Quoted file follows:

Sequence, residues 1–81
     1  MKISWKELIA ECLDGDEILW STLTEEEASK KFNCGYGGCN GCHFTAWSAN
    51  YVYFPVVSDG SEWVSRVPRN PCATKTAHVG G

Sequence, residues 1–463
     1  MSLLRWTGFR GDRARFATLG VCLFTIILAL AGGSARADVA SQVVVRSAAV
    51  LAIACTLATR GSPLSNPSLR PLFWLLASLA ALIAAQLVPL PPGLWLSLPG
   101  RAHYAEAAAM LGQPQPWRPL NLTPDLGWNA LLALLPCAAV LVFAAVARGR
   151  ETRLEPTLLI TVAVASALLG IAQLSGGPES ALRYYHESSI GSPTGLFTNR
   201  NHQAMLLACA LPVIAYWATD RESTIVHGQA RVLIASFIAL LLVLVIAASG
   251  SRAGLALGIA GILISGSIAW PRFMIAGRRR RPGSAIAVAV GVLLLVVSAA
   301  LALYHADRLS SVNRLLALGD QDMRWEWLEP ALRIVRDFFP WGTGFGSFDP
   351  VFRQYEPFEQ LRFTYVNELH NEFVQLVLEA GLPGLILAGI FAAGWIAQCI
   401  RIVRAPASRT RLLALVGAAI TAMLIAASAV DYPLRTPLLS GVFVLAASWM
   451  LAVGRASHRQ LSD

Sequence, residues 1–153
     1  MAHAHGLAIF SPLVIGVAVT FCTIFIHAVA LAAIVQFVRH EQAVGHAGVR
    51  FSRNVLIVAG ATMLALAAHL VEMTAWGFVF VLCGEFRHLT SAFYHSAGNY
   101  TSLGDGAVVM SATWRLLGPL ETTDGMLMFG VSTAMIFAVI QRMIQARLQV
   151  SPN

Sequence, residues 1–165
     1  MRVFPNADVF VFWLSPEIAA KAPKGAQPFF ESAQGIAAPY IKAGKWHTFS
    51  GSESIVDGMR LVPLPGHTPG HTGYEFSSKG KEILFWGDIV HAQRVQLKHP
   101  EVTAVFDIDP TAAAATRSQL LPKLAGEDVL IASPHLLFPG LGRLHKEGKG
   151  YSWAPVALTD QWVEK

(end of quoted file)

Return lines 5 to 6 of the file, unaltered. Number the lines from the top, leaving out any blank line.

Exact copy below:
     1  MSLLRWTGFR GDRARFATLG VCLFTIILAL AGGSARADVA SQVVVRSAAV
    51  LAIACTLATR GSPLSNPSLR PLFWLLASLA ALIAAQLVPL PPGLWLSLPG